Old Tom Morris, he was universally known, did perhaps more than anyone to shape the game as we know it today. He started playing in St Andrews at the age of six and was apprenticed to Allan Robertson, the greatest player of his day.
The two fell out when Morris was found playing with a gutty ball, which his employer had banned. In 1951 Morris became the greenkeeper at Prestwick and it was there in 1860 that The Open began. Old Tom was the favourite but Willie Park Snr won the inaugural Open by two from Morris.
Old Tom got revenge the following year and in 1862 beat Park by 13 strokes, a record for The Open that still stands. He won four Opens in seven years and in 1867 set another record that remains to this day, that of being the oldest Champion at 46 years and 102 days.
The following year his son, Young Tom, became the youngest ever winner. In comparison to his great rival, the big-hitting Park, Old Tom was a steady player with a rhythmic, flat swing, rather like an “auld wife cutting hay”, it was said.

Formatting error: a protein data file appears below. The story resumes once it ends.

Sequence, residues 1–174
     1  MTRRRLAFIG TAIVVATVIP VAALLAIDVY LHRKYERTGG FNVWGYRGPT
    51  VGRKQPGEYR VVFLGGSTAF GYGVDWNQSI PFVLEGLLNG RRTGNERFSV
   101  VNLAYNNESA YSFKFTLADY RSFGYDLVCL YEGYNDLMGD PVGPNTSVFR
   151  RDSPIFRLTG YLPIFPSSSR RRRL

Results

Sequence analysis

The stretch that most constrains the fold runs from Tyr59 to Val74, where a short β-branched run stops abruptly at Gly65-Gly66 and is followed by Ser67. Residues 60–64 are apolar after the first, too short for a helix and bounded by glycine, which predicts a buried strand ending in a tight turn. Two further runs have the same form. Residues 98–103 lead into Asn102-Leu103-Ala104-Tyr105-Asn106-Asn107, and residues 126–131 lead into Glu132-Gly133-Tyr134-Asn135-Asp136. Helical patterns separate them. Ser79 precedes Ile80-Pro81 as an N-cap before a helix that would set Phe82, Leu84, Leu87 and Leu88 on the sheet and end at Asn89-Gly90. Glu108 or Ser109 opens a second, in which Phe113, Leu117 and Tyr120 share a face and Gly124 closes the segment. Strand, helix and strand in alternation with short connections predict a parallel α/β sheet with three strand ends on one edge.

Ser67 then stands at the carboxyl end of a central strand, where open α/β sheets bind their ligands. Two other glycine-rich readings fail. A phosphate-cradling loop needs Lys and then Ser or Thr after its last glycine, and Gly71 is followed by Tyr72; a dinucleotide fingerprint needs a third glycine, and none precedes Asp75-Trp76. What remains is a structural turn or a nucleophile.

He stayed out of trouble but his main weakness was on the greens. He once received a letter addressed to “The Misser of Short Putts, Prestwick”. He last played in The Open in 1896 aged 75.
In 1864 he returned to St Andrews to be in charge of the Old Course, paid £50 a year by the R&A, but insisted there was no play on Sundays.
He laid out the New Course at St Andrews, as well as many others including Carnoustie and Muirfield. He swam in the sea every day of his life and out-lived his wife, daughter and three sons. He died aged 86 after a fall in 1908.